Closings and delays

Philadelphia neurologist admits groping patients, gets probation

Ricardo Cruciani

PHILADELPHIA — A Philadelphia neurologist pleaded guilty this week to seven counts of sexual misconduct with patients and was sentenced to seven years probation.

Dr. Ricardo Cruciani, 63, the former chairman of Drexel University’s Neurology Department, must also register as a Tier 1 sex offender and can no longer practice medicine, a judge ruled Tuesday in Philadelphia County Municipal Court.

He was fired in March after the university investigated allegations from seven patients that he had groped them. There also was a criminal investigation.

In a plea deal, Cruciani pleaded guilty to misdemeanor charges of indecent assault and harassment.

“The victims are not happy that he’s not receiving one day of jail time,” said Jeffrey Fritz, an attorney representing some of Cruciani’s victims. “But they are happy that he can’t victimize any further patients.”

Fritz is representing at least a dozen women in Pennsylvania, New Jersey and New York who have accused Cruciani of similar crimes in the last 12 years.

Criminal investigations are still under way in New York and New Jersey.

Sara Hicks, 31, was Cruciani’s patient while he was a doctor at Capital Health Medical Center in New Jersey, and followed him to Philadelphia so he could continue to treat her chronic migraines and stomach pains. Hicks said the doctor touched her inappropriately.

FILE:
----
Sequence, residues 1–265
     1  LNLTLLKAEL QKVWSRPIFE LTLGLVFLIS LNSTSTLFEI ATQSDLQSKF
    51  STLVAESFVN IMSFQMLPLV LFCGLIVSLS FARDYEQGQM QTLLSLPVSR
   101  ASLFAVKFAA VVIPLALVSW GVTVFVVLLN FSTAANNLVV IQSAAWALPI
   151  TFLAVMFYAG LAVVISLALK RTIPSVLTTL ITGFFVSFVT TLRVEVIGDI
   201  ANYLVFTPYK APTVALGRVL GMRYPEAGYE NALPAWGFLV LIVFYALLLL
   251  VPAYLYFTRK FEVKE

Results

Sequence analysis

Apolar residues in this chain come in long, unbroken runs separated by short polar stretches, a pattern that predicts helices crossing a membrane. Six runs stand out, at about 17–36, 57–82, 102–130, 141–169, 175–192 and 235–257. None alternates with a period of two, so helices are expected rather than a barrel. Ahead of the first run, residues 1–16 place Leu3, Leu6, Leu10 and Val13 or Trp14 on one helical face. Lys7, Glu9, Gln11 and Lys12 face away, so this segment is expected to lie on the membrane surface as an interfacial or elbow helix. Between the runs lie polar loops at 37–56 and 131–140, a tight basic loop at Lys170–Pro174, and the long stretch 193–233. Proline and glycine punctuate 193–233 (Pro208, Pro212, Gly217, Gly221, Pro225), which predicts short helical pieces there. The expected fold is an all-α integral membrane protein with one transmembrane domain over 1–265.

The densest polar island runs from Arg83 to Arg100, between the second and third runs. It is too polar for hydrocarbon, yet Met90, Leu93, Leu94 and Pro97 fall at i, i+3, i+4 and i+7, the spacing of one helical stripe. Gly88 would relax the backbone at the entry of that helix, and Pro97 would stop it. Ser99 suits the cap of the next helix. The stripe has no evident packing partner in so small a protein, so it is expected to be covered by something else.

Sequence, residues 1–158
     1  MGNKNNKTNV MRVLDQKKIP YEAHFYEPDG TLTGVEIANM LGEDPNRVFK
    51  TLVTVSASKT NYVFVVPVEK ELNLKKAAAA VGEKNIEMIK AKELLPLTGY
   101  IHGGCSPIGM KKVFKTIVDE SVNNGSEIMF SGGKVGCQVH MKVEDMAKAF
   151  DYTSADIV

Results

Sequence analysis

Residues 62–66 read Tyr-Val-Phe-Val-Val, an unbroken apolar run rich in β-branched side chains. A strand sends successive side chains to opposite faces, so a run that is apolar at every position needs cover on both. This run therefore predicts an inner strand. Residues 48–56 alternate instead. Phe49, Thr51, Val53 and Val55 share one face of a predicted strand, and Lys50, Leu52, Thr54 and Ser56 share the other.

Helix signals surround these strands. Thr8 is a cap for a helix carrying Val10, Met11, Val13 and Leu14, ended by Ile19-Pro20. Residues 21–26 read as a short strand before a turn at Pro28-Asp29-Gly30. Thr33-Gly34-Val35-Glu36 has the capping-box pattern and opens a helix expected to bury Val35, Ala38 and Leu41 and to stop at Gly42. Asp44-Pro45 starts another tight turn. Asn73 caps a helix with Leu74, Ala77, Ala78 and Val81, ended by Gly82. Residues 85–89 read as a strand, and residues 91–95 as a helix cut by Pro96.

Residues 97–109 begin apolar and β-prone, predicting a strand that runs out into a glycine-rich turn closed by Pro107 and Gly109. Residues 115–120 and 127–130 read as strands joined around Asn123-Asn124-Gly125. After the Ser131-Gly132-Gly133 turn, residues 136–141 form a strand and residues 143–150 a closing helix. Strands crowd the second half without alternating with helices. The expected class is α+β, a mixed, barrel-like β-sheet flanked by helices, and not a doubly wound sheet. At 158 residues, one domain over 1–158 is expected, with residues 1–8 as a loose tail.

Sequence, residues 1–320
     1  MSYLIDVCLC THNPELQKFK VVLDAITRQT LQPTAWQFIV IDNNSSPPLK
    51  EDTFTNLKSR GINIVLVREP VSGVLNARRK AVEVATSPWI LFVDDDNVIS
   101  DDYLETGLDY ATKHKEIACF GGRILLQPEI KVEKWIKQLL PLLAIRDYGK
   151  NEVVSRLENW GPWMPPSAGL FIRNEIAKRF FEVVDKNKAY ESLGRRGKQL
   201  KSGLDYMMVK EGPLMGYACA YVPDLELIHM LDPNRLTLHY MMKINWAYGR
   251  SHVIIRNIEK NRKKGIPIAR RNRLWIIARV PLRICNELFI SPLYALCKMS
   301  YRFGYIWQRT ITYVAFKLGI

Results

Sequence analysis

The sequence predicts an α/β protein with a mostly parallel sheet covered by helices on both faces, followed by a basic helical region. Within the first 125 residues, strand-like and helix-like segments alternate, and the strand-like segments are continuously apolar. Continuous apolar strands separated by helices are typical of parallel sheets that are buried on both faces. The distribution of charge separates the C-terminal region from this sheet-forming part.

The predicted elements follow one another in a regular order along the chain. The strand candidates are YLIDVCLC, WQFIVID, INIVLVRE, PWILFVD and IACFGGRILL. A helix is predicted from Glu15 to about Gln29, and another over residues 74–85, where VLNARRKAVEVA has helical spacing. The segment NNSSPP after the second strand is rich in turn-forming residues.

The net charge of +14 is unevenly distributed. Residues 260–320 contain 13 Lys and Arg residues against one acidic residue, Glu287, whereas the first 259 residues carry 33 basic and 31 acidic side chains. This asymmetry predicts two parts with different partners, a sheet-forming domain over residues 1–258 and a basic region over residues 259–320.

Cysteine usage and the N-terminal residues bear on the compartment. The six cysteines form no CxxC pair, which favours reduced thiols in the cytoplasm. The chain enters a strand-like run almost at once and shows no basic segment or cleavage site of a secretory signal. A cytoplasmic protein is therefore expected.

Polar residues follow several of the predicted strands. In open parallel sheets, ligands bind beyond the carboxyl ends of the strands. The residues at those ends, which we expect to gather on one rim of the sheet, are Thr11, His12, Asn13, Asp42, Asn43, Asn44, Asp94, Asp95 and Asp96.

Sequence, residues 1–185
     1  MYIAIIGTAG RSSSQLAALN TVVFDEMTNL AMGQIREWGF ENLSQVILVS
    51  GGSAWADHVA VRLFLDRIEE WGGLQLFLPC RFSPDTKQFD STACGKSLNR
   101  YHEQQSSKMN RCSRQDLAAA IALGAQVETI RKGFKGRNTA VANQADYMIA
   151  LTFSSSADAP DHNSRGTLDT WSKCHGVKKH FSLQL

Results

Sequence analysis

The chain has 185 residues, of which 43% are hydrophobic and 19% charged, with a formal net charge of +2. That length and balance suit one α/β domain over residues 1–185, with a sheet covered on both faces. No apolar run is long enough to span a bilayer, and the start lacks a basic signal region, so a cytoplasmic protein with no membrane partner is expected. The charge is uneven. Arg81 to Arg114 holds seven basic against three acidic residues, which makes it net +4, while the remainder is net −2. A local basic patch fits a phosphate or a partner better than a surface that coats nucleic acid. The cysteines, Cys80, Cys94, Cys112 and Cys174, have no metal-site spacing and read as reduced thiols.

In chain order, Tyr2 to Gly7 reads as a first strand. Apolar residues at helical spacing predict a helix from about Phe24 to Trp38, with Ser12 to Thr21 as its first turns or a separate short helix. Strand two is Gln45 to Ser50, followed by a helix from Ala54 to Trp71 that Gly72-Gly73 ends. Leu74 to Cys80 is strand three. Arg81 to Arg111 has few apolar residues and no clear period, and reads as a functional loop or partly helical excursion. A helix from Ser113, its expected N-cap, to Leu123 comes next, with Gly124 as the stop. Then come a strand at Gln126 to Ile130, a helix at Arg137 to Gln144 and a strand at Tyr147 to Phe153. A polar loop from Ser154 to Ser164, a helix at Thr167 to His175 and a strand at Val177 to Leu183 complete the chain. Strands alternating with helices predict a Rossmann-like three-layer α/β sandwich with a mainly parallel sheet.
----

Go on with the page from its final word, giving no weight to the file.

“My anxiety has become an everyday event that is now coupled with panic attacks,” Hicks said in court Tuesday. “When I am around men I get tense and feel like my guard is always up, which is exhausting.”

Hicks said the first time Cruciani was inappropriate with her was in December 2015, when she was pregnant and he inappropriately touched her chest. Hicks said she was having issues with health providers in New Jersey in treating her pain, and felt that Cruciani, knowing her health struggles, took advantage of her vulnerability.

Hicks said she felt that as long as she took someone else with her to appointments, the touching would stop, but Cruciani continued to be inappropriate even with her sister in the room, she told CNN.

“He fully accepts responsibility and apologizes for all the pain that he has caused,” Cruciani’s attorney, Linda Dale Hoffa, said in a statement.